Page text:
The Five Habits of Highly Effective Anglers

This year resolve to become a more effective angler by adopting these five habits

A boat this clean belongs to a highly effective angler


Adoption of this habit of the highly effective angler is a game changer. There are those guides and anglers who have the “fishiness” covered, but their boats, trucks, and fly boxes are a shambled mess of tackle, spent leaders and rusty hooks. Discombobulation can cost you at crunch time. I’ve been there but a few years ago I committed to organization. Flies, lines, leaders, tippets, tools, reels, and spools all have a home and I know where to find them. Take some time in the off-season to tidy up and consider fly boxes that are more management-friendly

A well-organized fly box translates to on the water success


If you don’t yet tie your own flies, you’re missing out on one of the key habits of highly effective anglers. Like leafy greens, thumb-twiddling hobbies have many health benefits. Fly tying stimulates brain activity and improves fine motor skills. While improving mental faculties, you’re creating a unique fly selection catered to the waters that you intend to fish. Time at the vise allows for creativity and visualization. Play a podcast or Mozart and allow the mind to wander into the water. Fly tying gets us thinking about fishing and any sports psychologist will second the power of positive thinking. Don’t think fly tying is a habit? Ask my wife

Fly tying is a useful habit with benefits well beyond a diverse and personalized fly selection


Myself and every other guide is continuously amazed by the lack of casting practice conducted by the general fly fishing public. We find it rather dumbfounding that anglers are willing to shell out for a week of guided flyfishing without first brushing up on the stroke. If you had a tee time at Pebble Beach, you would surely hit the driving range? Resolve to spend some time in the yard with a piece of yarn attached to a short leader. Work on loop control, distance, and accuracy. Its’ simple and 15 minutes a couple of times a week will translate into far more effective presentations on the water. Make overhead casting practice a habit. Trust me, it’s easier than adopting a regular yoga practice.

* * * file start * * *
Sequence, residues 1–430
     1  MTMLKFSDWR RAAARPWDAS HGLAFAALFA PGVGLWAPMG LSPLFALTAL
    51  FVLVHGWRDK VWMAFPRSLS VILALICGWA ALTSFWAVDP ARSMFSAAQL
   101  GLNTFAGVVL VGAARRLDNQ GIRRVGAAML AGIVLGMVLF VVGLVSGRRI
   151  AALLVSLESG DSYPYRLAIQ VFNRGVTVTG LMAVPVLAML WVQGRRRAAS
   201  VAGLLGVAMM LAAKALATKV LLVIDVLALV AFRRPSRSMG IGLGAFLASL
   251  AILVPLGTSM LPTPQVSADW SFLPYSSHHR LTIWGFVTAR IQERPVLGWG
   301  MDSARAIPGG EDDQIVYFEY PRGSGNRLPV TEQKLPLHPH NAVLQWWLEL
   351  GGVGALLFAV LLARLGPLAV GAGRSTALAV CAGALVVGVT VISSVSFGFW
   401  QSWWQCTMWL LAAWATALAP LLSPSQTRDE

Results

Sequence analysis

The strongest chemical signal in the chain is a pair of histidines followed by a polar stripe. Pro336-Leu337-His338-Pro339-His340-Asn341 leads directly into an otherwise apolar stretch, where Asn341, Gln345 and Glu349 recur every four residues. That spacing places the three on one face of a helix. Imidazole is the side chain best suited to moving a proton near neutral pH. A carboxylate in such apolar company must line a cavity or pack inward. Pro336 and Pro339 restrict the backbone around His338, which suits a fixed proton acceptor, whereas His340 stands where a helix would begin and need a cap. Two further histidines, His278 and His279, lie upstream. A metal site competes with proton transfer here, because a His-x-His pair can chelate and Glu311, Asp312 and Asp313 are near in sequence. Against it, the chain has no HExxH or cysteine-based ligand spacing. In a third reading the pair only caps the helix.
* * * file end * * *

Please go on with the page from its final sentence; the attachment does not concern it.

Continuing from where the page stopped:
The lawn is the best place to develop fly casting habits to last a lifetime


Though spey casting is associated with the pursuit of anadromous fish and trout, the method applies to any and all fishing scenarios. At its roots, spey casting is about understanding the mechanics of water-loaded casting and directional changes. These fundamentals apply whether on the Wind or Walden’s Pond. The fly rod that you already own is a good place to start. The mechanics are the same whether casting with a 9’ 5WT or a 14’ 8WT. The only other prerequisite is a piece of moving water. You Tube is a nearly boundless source for instructional spey casting videos. Spey casting will become a habit once you’ve developed an effective Snap T or snake roll and you’ll wonder how you ever got by on the tight banks without it

Add spey casting to your repertoire and it will be soon become habit


One of the easiest habits of the highly effective angler; challenge yourself by wading into unfamiliar waters. This doesn’t require a passport or deep pockets. Targeting feeding carp or pike in the shallows is a worthy substitute for stalking a bonefish or a barracuda. These experiences demand a similar skill set and will test your casting and presentation skills beyond the norm. Utilizing water-loaded casts and strip-setting will become second-nature, and the muscle memory will be there if and when you do finally pull the trigger on that dream trip to the Bahamas

Exploring new fisheries is a habit of the highly effective angler


While tuning out is raison d’etre for outdoor pursuits, the benefits of apps and on demand data can’t be ignored. Highly effective anglers do their homework and stay atop of weather forecasts, road conditions, and river levels. The ‘ONX’ App is invaluable for research and navigation and ‘NOAA’ and USGS provide real time weather and river data, respectively. A new App, ‘On the Water’, puts all of this information in one place However, if you prefer the horse’s mouth, its still worth a stop at the local tavern and/or fly shop.